The way small causes yield huge effects is itself only one piece of the much grander idea of simplexity, a science that is increasingly being studied at universities and institutes around the world, but nowhere more intensely than at the Santa Fe Institute in New Mexico. No single unified rule governs all complex or simple systems, but there are a few big ones.
Image from www.sticktake.com from a post on “The Butterfly Effect” illustrated with an amazing true story about Robbie Williams
The most powerful of the simplexity concepts is choke points – the keyholes in complex systems that can sometimes shut them down entirely.
“The London cholera epidemic of 1854, which could have claimed thousands of lives, was stopped cold when physician John Snow traced the contagion to a single contaminated water pump on Broad Street. The complex epidemic collided with the simple fix of shutting down the pump, and the simple fix won.”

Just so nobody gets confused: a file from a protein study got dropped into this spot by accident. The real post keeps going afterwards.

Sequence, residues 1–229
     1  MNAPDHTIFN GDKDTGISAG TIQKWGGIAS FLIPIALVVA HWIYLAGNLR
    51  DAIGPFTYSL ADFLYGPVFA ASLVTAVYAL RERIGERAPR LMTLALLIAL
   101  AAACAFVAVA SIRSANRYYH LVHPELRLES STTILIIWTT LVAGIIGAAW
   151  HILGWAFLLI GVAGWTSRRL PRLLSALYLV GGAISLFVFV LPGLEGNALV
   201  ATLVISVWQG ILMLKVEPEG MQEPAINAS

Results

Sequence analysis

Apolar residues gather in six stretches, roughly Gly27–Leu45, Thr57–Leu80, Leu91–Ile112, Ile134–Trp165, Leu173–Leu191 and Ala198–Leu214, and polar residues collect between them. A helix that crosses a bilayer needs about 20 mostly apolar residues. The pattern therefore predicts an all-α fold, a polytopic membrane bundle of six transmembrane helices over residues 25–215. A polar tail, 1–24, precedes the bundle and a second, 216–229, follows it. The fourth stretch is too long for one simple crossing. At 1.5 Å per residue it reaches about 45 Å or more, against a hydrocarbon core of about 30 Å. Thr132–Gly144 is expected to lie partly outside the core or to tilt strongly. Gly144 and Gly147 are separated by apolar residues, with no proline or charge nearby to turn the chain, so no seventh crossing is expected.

To read What’s the big deal? It’s the little things by Jeffrey Kluger for The Los Angeles Times.
Each Think Differently is a short challenge to encourage us that there are always differently ways of framing any situation and is brought to bioteams.com by Peter Fryer author of the Trojan Mice blog.
Ken is an expert practitioner, author and speaker on Collaboration, High Performing Teams, Change Management, Business Strategy and Leadership Development.